One factor which is evaluated is the type of communication event at step 402. Instant messages may have a greater weighting than, for example, an e-mail. A direct e-mail between two individuals may have a greater weighting than an e-mail sent out to a group. Appropriate weighting, based on the type of communication event, is added at step 404. At step 406, a determination may be made as to whether sharing activity exists within the event. If a user shares photographs with another user within the communication event, this may be indicative that the user considers the shared information appropriate for a friend, and appropriate weighting based on this factor is added at step 408. At step 410, the frequency of the communication between the parties is reviewed. If a user communicates frequently with another user even though the users are not linked within the social network, this may indicative that the users are friends. Appropriate weighting is added where there is greater frequency of direct communication between the user and an addressee. Conversely, if a user only communicates with an addressee in the context of a group event, as evaluated at step 414, this may be indicative that the user is not friends with the addressee. Likewise, if a user only receives emails from another party, but never sends emails to the party, the likelihood that the other party should be a social network friend is reduced. If other users are in the communication event, appropriate weighting at step 416 may actually reduce the factor of whether or not to add the addressee as a friend. The frequency of sharing activity is evaluated at step 418 and appropriate weighting added at step 420. Likewise, the time between inter-party communications may be examined at step 422 and appropriate weighting added at step 424. The characteristics of communication outlined in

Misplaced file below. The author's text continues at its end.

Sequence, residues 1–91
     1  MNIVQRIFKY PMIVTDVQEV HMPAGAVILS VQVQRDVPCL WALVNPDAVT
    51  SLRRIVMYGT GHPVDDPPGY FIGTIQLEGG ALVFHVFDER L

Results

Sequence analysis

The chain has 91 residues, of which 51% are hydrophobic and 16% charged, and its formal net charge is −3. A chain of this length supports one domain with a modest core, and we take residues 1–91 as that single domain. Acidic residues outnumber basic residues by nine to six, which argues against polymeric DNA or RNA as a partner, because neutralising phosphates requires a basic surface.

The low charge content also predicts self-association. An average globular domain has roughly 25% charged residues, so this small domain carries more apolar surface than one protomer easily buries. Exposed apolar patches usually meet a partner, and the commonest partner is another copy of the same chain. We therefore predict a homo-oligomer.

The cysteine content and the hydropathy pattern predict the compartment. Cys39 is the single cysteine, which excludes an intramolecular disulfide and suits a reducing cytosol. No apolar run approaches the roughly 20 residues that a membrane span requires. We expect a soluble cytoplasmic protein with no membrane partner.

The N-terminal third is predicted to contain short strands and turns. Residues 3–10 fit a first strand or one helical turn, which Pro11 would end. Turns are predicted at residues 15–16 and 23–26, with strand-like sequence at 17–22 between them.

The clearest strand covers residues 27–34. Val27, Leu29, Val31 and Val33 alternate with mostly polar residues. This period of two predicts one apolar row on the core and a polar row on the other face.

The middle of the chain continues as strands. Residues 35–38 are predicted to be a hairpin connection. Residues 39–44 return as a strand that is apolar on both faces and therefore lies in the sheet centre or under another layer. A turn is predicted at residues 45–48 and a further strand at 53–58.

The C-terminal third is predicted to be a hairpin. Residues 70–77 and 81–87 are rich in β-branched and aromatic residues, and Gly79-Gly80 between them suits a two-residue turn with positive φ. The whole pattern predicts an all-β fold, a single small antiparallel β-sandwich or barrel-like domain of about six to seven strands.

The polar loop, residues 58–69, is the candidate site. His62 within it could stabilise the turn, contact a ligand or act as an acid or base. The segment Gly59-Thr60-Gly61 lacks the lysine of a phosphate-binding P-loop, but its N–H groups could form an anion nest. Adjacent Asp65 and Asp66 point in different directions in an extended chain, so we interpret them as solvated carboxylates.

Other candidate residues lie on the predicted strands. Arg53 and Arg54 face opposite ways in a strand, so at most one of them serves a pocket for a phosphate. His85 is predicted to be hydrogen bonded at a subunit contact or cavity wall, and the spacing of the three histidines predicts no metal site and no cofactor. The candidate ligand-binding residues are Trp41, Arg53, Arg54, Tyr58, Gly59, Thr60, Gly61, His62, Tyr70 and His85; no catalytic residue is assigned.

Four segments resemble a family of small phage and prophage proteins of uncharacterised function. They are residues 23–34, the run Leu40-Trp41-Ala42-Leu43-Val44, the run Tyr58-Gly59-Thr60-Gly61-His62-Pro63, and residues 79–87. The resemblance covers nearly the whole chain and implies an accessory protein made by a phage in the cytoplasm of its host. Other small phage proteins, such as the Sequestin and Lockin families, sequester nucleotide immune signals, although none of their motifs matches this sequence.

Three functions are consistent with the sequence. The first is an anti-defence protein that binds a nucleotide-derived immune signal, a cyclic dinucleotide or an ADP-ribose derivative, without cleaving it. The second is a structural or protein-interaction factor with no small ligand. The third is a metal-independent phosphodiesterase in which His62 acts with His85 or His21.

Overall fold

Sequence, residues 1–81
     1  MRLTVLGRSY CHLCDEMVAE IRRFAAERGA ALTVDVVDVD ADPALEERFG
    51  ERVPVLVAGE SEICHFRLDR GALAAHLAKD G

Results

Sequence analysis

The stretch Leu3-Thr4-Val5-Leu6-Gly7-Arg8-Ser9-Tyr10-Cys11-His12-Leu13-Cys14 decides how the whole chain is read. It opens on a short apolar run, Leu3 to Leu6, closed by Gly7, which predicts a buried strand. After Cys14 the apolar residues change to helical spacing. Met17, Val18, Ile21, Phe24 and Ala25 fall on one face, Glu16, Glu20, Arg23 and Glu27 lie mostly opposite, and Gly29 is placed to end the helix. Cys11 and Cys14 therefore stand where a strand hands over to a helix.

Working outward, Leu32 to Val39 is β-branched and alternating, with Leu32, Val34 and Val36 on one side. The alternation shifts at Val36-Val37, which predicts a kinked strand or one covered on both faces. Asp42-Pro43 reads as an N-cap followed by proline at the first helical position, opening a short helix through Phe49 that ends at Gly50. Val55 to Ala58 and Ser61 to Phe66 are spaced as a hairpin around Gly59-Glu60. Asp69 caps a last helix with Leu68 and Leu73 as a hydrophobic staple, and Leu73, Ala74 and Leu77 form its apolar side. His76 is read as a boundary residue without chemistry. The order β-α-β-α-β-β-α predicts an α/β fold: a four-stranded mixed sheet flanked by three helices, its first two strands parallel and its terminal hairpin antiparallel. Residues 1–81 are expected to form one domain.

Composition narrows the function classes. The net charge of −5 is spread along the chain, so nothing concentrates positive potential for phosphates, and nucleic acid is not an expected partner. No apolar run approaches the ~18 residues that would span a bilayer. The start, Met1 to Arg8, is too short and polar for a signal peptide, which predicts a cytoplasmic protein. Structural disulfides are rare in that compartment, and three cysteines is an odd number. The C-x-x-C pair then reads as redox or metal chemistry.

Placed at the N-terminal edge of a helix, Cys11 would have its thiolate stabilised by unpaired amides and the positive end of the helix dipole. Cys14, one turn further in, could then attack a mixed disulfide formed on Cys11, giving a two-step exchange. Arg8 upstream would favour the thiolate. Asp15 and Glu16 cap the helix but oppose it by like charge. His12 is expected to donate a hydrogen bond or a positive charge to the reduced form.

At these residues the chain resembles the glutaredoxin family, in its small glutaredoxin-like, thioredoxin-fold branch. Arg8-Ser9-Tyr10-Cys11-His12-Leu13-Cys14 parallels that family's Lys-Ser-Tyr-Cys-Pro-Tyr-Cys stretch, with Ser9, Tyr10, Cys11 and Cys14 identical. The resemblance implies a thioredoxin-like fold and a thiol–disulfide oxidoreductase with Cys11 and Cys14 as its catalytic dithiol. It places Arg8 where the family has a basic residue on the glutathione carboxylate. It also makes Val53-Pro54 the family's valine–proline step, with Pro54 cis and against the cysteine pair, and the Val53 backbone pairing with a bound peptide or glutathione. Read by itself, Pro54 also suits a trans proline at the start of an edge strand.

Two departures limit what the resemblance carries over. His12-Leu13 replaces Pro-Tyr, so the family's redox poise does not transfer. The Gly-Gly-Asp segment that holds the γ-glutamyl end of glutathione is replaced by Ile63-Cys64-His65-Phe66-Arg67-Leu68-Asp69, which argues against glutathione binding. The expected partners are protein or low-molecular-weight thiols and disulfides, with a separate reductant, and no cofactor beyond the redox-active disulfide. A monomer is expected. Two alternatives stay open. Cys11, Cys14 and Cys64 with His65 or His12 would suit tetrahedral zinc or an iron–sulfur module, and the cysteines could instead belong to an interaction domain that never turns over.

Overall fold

Certain factors present in
At step 426, the sum of the weights added or subtracted at steps 404, 408, 412, 416, 420 and 424 is determined, and a recommendation made at step 428 if the sum exceeds a threshold. In an alternative method, one or more of the weights may be suitable to allow recommendation of an addressee as a friend. For example, a direct communication—such as an instant message or email—may be sufficient by itself to allow suggestion of another party as a friend.